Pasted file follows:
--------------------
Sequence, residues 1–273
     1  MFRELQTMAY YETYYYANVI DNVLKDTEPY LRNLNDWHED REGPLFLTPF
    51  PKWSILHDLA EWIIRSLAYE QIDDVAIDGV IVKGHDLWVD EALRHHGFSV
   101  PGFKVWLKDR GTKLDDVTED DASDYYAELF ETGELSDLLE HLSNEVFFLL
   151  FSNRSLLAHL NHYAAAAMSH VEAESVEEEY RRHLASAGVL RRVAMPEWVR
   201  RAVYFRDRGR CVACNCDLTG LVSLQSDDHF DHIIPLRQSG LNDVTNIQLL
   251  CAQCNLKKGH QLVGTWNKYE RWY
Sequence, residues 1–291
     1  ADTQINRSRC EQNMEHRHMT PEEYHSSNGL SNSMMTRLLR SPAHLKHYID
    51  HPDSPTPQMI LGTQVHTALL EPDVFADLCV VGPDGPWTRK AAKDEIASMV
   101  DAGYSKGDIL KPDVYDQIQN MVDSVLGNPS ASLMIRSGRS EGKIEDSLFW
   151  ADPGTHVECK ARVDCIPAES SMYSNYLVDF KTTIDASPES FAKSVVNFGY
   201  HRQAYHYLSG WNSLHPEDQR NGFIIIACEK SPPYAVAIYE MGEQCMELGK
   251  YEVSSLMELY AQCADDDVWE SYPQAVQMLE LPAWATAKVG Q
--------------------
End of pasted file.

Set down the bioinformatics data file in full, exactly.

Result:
Sequence, residues 1–273
     1  MFRELQTMAY YETYYYANVI DNVLKDTEPY LRNLNDWHED REGPLFLTPF
    51  PKWSILHDLA EWIIRSLAYE QIDDVAIDGV IVKGHDLWVD EALRHHGFSV
   101  PGFKVWLKDR GTKLDDVTED DASDYYAELF ETGELSDLLE HLSNEVFFLL
   151  FSNRSLLAHL NHYAAAAMSH VEAESVEEEY RRHLASAGVL RRVAMPEWVR
   201  RAVYFRDRGR CVACNCDLTG LVSLQSDDHF DHIIPLRQSG LNDVTNIQLL
   251  CAQCNLKKGH QLVGTWNKYE RWY
Sequence, residues 1–291
     1  ADTQINRSRC EQNMEHRHMT PEEYHSSNGL SNSMMTRLLR SPAHLKHYID
    51  HPDSPTPQMI LGTQVHTALL EPDVFADLCV VGPDGPWTRK AAKDEIASMV
   101  DAGYSKGDIL KPDVYDQIQN MVDSVLGNPS ASLMIRSGRS EGKIEDSLFW
   151  ADPGTHVECK ARVDCIPAES SMYSNYLVDF KTTIDASPES FAKSVVNFGY
   201  HRQAYHYLSG WNSLHPEDQR NGFIIIACEK SPPYAVAIYE MGEQCMELGK
   251  YEVSSLMELY AQCADDDVWE SYPQAVQMLE LPAWATAKVG Q